Artist signed limited edition prints

Words by:
William Gregory MRICS, Golding Young & Mawer Auctioneers & Valuers
Featured in:
February 2016

A challenging moment at our regular appraisal days can often be informing a client that a picture, which they think to be an original and worth thousands, is in fact a print and worth moderate decorative auction value.
It can be hard to distinguish to the untrained eye. The art print market is complicated with numerous forms and techniques; some require not just artistic ability but great technical ability from the artist, whilst others are simple mass produced colour reproductions which always tend to be of more affordable value.

These reproduction prints are often enhanced by being produced in limited edition form, usually of up to 850 copies, each numbered and then signed by the artist in the lower margin.

Although the purchaser is still buying a reproduction print the fact there are limited copies available and the artist has signed them gives them a greater appeal to collectors.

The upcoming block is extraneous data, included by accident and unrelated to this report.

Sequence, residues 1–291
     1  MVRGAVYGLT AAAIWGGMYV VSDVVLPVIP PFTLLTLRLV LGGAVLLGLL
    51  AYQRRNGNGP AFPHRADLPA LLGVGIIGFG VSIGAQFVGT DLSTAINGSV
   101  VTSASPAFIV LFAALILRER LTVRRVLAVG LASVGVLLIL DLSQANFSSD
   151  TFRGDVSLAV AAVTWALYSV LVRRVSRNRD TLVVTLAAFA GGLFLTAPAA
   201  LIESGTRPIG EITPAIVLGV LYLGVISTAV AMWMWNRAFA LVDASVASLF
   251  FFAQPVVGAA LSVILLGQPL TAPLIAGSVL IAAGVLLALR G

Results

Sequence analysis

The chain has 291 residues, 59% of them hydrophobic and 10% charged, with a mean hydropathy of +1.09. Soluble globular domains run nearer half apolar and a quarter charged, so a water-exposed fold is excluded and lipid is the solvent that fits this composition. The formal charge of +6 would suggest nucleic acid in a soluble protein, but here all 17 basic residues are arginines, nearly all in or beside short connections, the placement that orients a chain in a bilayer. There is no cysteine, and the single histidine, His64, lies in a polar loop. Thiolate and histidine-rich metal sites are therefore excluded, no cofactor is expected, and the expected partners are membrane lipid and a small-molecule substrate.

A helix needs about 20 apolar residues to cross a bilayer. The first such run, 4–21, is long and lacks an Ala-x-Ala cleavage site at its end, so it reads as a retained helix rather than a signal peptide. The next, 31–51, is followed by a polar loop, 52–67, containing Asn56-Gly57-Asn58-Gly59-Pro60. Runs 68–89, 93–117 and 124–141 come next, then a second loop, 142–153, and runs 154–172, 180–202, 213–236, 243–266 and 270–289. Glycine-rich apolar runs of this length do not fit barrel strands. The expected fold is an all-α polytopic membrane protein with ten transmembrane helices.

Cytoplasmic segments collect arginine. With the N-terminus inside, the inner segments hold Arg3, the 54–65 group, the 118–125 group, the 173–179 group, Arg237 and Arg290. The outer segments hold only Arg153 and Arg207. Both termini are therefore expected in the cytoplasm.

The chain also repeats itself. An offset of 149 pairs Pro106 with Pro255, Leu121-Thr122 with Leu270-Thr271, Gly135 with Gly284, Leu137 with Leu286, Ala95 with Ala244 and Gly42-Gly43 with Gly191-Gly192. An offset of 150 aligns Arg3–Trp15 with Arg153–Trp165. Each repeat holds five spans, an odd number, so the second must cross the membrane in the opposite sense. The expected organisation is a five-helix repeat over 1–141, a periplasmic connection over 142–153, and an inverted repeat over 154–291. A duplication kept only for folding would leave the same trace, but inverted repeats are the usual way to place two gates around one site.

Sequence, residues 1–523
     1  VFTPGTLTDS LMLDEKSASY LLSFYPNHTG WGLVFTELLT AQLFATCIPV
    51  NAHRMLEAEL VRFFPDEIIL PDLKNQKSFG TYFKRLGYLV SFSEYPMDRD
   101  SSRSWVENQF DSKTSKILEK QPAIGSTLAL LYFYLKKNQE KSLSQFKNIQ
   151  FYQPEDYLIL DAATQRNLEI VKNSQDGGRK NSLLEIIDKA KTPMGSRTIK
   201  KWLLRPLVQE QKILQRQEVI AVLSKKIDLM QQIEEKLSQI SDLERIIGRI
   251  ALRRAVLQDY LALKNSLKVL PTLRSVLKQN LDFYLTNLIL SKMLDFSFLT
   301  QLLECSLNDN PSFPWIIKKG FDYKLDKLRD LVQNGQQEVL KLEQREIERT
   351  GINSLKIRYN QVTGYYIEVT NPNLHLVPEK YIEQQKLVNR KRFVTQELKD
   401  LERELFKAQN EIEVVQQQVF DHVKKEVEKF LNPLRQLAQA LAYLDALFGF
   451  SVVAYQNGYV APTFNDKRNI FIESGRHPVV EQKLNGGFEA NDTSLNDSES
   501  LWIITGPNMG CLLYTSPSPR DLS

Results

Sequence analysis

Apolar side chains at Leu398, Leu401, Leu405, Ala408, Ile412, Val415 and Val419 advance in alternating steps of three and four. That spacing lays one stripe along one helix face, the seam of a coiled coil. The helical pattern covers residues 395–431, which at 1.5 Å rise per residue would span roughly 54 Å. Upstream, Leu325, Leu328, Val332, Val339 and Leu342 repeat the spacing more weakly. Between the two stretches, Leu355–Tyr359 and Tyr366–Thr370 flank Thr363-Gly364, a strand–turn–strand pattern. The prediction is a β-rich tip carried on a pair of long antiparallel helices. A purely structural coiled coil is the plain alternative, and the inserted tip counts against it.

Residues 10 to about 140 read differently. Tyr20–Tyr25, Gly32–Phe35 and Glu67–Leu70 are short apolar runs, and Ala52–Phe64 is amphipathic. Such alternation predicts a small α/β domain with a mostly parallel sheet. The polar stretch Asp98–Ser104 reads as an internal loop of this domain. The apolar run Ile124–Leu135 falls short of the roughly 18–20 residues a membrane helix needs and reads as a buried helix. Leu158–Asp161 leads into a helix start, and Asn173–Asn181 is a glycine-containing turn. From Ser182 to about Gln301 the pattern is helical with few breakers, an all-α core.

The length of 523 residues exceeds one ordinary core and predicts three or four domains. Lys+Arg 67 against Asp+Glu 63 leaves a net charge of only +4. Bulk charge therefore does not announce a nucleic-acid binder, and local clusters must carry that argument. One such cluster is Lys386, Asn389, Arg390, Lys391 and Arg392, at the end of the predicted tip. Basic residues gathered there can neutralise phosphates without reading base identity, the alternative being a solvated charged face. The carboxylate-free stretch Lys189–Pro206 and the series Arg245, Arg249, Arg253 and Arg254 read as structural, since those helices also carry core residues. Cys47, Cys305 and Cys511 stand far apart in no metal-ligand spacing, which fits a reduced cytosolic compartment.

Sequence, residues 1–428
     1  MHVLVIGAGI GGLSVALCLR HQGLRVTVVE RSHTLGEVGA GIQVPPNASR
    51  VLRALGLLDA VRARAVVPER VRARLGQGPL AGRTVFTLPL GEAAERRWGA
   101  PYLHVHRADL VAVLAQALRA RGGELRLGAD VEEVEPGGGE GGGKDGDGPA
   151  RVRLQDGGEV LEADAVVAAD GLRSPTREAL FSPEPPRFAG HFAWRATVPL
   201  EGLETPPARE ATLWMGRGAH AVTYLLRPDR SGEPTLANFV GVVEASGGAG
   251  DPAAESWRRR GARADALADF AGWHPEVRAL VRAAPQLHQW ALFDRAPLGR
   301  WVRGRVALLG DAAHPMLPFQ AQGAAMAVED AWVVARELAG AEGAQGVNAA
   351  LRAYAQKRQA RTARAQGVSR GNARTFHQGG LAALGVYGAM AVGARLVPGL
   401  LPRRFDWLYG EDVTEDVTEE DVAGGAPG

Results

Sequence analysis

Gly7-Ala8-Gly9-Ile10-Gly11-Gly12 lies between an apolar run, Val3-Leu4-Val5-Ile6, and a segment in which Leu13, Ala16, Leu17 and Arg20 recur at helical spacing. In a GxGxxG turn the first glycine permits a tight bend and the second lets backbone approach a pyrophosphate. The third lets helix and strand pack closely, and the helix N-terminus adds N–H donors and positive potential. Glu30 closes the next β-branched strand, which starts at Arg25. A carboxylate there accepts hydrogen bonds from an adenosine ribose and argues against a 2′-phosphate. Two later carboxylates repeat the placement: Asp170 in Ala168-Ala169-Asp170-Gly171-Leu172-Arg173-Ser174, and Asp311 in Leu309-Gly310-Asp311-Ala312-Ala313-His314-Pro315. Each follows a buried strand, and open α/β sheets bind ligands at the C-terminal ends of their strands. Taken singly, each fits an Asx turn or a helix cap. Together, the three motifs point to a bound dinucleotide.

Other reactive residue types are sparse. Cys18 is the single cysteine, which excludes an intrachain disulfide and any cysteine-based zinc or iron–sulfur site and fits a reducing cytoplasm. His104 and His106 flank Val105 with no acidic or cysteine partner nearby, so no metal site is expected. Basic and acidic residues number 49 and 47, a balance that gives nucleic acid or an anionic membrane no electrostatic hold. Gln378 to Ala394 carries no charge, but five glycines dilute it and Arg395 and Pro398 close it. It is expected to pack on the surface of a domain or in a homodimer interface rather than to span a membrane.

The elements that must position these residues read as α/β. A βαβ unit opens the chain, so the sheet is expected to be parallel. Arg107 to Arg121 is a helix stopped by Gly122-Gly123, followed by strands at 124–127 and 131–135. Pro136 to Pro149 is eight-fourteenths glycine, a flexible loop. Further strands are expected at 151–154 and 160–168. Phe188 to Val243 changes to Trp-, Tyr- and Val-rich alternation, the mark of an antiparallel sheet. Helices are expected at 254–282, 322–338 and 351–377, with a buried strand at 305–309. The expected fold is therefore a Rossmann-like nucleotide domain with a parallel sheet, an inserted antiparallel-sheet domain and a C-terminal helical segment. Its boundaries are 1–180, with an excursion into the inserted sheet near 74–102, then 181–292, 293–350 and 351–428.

Art is subjective and personal. Current tastes and fashions do impact on demand. A few artists have been commanding higher prices recently for their limited edition artist signed prints at auction. Foremost is Laurence Stephen Lowry who produced a number of signed limited edition works in the 1960s and ’70s. An edition of ‘Going to the Match’ recently fetched £22,000 at auction; this might look like a bargain compared to the £1.9 million the original sold for in 1999.

Prints by other popular artists such as David Shepherd and William Russell Flint continue to attract attention at auction, although prices tend to be in the hundreds. John Piper is another artist whose print works recently came up for auction at our Lincoln Auction Rooms. These were screen prints from the artist and this was reflected in the prices achieved, with a top piece of £2,300 for the edition titled ‘Harlaxton through the Garden Gate’.

Whilst not quite the one-off original, the artist signed print market offers an inexpensive way of owning and enjoying art.



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